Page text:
Authored by adam dick via the Mises Institute
The letter concludes with a call for a return to old norms, stating:
Thank you for your attention to these ahistorical problems. We ask you to see to it that the protocols are changed back to the access norms to which we are accustomed.
Some people’s initial reaction to the letter may be to assume it is run-of-the-mill complaining from press corps members. However, Steven Nelson of the New York Post, who is one of the signers of the letter, describes the letter in a Post article as “a rare airing of grievances.” Continuing, Nelson writes, “Some signers said they preferred to quietly communicate disagreements to the press office to resolve issues amicably and efficiently, but that attempting that route had been fruitless for more than a year.”
Nor is the letter a political attack in disguise from reporters or news organizations that are “right wing” or “anti-Democrat.” Rather, as Nelson relates in his Post article, “In all, reporters assigned to more than half of the seats in the White House briefing room signed the letter.”
Nelson notes in his article that the new limits on reporters’ access to President Joe Biden emerged in association with the imposing of coronavirus restrictions, but have persisted “since the White House ended indoor mask rules and returned to full-capacity briefings in early June 2021.” The letter itself makes a similar observation, commenting that “since such guidelines have been eased, we’ve never gotten an explanation as to why the areas that have traditionally been opened to all press remain restricted.”
The focus of the complaint in the letter is changes imposed by the Biden administration that shield the president from interaction with the press that previous presidents regularly endured. “We once again respectfully request the Biden administration – without exception – re-open all of the traditional venues for presidential remarks at the White House, including the East Room and the South Court Auditorium, for any reporter admitted to the White House campus,” begins the letter. The letter continues to explain that the problem is not just that new limits have been imposed on the number of reporters who may be present. There is also, the letter states, a total lack of transparency as to how the Biden administration determines which journalists may be at which events.
Perhaps due to the frustration of these reporters at the continuation of these restrictive policies without adequate explanation and in the face of previous complaints, the signers of the letter do not just make their complaint and seek a remedy. They also declare the Biden administration’s new approach toward reporters “cannot be defended” and is rooted in improper motivation. The letter states:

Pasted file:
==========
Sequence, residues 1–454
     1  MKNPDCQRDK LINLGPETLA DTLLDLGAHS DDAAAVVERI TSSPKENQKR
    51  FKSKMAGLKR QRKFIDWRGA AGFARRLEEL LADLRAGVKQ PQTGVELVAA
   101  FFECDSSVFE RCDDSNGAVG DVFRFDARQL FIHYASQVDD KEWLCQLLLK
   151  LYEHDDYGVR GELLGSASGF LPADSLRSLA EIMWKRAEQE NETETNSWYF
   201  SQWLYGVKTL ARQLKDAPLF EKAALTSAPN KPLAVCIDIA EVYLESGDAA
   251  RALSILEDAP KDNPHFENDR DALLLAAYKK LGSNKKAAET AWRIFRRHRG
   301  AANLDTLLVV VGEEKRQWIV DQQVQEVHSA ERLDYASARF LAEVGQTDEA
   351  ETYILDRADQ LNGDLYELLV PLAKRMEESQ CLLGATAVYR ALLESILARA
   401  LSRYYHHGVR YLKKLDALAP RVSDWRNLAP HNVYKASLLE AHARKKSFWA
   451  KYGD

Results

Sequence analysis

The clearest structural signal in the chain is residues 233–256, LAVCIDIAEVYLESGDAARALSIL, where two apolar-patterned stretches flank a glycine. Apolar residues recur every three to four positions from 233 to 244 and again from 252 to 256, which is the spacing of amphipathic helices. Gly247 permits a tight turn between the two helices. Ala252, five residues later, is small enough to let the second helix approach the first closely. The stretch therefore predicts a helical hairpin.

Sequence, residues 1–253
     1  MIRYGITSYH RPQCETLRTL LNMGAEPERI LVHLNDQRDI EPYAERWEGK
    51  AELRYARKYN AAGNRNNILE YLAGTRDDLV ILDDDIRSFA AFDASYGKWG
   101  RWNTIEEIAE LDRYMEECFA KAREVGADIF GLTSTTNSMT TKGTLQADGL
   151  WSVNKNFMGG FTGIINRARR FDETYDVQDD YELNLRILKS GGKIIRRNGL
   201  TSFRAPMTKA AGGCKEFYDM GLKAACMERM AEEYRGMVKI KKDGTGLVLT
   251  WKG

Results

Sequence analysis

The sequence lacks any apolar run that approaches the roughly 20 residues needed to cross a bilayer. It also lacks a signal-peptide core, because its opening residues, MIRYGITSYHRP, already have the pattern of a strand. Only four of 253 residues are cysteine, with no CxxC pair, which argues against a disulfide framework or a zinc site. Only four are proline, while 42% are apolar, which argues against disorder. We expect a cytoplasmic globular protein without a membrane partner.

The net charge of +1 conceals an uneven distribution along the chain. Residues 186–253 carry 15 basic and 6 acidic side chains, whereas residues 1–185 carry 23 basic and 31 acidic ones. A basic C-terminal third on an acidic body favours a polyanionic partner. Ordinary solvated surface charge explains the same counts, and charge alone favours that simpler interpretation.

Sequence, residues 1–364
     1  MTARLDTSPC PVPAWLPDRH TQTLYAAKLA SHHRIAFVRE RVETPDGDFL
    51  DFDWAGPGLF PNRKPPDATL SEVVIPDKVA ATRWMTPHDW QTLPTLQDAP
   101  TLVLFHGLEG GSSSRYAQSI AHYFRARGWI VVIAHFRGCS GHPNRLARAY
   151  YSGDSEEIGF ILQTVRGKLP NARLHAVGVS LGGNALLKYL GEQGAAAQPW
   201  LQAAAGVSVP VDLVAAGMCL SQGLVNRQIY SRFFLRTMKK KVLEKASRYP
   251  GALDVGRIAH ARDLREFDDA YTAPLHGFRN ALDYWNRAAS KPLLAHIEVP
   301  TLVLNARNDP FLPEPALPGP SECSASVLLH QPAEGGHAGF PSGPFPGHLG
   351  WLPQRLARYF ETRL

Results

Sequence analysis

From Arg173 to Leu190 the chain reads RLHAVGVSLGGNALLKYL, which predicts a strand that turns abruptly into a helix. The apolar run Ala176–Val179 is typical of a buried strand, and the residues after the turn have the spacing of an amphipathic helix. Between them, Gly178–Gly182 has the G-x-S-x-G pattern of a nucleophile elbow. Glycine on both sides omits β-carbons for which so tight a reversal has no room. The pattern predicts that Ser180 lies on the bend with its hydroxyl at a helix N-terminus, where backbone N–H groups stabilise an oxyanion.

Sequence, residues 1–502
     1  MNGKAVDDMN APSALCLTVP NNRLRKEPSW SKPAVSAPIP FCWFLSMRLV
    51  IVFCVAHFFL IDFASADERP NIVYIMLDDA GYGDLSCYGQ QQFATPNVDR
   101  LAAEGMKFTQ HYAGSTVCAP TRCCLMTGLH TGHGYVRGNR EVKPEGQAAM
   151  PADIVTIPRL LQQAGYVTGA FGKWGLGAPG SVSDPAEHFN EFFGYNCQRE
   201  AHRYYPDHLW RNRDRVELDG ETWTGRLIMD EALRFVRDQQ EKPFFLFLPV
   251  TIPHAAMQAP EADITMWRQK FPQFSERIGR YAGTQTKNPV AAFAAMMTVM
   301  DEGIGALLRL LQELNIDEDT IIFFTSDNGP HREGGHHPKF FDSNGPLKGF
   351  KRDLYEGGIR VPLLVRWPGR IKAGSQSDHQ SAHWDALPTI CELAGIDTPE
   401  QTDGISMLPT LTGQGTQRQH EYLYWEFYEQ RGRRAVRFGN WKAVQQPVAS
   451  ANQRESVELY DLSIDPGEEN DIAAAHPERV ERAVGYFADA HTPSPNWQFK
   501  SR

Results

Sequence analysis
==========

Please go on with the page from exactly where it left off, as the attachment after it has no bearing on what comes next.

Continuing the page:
The continued inability of the White House to be candid and transparent about the selection process for reporters attending his remarks undermines President Biden’s credibility when he says he is a defender of the First Amendment.
The incongruity of these restrictions underscores the belief by many reporters that the administration seeks to limit access to the president by anyone outside of the pool, or anyone who might ask a question the administration doesn’t want to answer.
Let us be candid. Our job is not to be liked, nor is it to be concerned about whether or not you like what we ask. A reporter’s ability to question the most powerful man in our government shouldn’t be discretionary. The administration’s continued efforts to limit access to the president cannot be defended. Any notion that space is “limited” is not supported by the fact that every other president before Biden (including Trump) allowed full access to the very same spaces without making us fill out a request form prior to admittance.
Bad as the situation related in the letter is, things are even worse. Nelson explained in a Post article back in October that, in addition to the Biden administration’s restrictions on which reporters can be around the president at particular times such as during press conferences, President Biden has been significantly more protected from questioning by any reporters at all than have previous presidents.